Wow! As Nikolaj Szeps-Znaider took to the Symphony Hall stage at the start of Monday evening’s Royal Liverpool Philharmonic Orchestra concert, not many of us can have had much of an idea what lay in store. His demeanour and body language seemed relaxed, self-effacing, almost discreet, with none of the swish and swagger that accompany rather too many of today’s conductors.

Nikolaj Szeps-Znaider and the RLPO rehearsing in Symphony Hall
© Royal Liverpool Philharmonic Orchestra

As Bruch’s Violin Concerto no. 1 in G minor began, with Szeps-Znaider also taking the role of soloist, his movements were similarly low-key: vague waves of the hand or bow, a slight lean of his body, the makings of a nod. Yet what emerged from this almost absurdly undemonstrative display was astonishing. Aside from a few soft entries in the opening moments as everyone got locked into the tempo, this was as immaculate a performance of this concerto as one could possibly imagine. Szeps-Znaider offered intimacy and reflection, to which the RLPO responded with sympathetic warmth and rich, vibrant climaxes.

The transition into the second movement was utterly exquisite, the final chord just hanging gently in space, fading ever so slowly, waiting patiently for the violin to begin. It was just one (though perhaps the best) of a myriad examples of the fundamental connection between soloist and orchestra, existing in a fluid relationship characterised by flexibility and freedom, but always united when required. Together, they took the Adagio from a blaze of colour into more nuanced light and shade, Szeps-Znaider managing to sound elevated, though grounded and immediate. The Finale was so light-footed it practically skipped along, even in the tuttis, bringing this stunningly beautiful performance to a close with the most cheerful gusto.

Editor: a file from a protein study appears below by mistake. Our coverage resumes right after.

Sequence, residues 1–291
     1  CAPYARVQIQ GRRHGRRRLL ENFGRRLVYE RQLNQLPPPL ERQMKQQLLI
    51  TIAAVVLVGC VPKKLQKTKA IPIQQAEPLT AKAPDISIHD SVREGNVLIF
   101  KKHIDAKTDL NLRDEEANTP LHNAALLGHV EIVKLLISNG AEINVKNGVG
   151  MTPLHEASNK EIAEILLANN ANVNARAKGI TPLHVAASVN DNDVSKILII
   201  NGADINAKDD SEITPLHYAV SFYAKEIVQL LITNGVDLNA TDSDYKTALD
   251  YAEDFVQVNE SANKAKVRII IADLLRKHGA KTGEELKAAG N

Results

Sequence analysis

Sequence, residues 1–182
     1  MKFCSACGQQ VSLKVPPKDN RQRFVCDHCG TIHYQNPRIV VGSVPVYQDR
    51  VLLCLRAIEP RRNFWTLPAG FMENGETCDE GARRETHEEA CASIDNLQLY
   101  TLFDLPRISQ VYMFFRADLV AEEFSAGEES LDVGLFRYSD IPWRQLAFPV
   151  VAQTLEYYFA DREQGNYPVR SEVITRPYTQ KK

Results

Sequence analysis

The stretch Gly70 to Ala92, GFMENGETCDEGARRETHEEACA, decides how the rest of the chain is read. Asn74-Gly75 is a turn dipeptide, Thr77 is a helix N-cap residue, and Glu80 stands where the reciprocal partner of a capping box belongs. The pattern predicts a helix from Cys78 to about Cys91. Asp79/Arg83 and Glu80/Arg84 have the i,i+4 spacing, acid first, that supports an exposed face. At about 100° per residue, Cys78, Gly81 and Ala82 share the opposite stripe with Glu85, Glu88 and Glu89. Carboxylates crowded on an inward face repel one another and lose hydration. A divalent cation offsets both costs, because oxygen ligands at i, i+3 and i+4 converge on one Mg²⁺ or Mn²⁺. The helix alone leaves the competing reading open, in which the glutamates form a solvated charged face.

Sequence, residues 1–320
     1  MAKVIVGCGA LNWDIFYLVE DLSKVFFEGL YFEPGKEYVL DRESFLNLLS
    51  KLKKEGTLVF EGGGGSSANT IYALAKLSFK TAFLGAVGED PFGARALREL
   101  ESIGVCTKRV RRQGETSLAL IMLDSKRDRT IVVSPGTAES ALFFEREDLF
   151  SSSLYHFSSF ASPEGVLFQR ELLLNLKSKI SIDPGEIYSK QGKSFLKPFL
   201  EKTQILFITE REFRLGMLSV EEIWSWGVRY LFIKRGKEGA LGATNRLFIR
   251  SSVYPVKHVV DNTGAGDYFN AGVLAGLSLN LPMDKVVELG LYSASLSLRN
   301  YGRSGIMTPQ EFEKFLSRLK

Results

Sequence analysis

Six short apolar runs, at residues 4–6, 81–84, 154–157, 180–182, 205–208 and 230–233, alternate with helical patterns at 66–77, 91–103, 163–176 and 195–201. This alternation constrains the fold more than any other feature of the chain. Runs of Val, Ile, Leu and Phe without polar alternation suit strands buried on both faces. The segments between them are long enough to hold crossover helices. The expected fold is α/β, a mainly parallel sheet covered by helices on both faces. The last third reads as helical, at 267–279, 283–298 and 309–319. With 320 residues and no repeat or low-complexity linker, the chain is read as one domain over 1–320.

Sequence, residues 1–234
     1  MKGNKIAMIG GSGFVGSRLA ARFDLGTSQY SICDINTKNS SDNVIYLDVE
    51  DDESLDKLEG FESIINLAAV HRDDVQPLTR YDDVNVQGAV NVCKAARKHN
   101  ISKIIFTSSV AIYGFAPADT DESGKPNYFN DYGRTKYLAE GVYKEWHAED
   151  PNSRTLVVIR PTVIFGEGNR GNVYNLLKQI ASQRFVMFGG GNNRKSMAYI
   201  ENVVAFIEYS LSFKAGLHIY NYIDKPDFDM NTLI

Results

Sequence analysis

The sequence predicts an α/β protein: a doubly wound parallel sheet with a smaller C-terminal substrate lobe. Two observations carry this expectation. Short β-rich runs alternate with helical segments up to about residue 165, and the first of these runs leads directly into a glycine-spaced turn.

Strauss’ Alpine Symphony was accompanied by images by photographer Ben Tibbetts, which could not have been more suitably chosen and made for a superb addition to the performance. Once again, the RLPO’s sound was nothing less than extraordinary. A lovely sense of brooding darkness yielded to signs of alpenglow and – though we all knew it was coming – out into a genuinely dazzling sunrise, its broad melody decorated with a remarkable clarity of inner detail. As they had in the Bruch, the orchestra skipped through the meadows, though Szeps-Znaider upped the ante once the trek had properly begun. We were literally thrown into the woods, in a filmic moment that instantly brought uncertainty everywhere. Easing us back to light and relaxation, lyrically overflowing all the way, we were then plunged into water and over the falls (not merely standing beside them) yet, again, the orchestra guided us back to green pastures, still with a spring in its step.

Even the cows seemed to be frolicking – cowbells-a-go-go! – and by now it was clear that Szeps-Znaider was making the journey entirely organic, the music shape-shifting seemingly spontaneously according to the changing landscape, light and elements. More violence returned as we were hurled onto glacial rocks, a sense of danger mingling with nervous excitement, before arriving at the rarefied atmosphere near the summit. Whereupon pure glory radiated everywhere, and again one was struck by both the quantity and transparency of the inner parts, testifying to Strauss’ incredible orchestrational skill.

Somehow, beginning the descent, there was the impression of music holding its breath and, despite the RLPO possessing what must be the least effective wind machine I’ve ever not heard, the subsequent storm was nonetheless an essay in sheer sonic calamity, letting loose overwhelming power. Vestiges of light and a lovely progression through simplicity to dark solemnity brought the journey to an end, leaving one exhausted but exhilarated, eager to do it all again as soon as possible.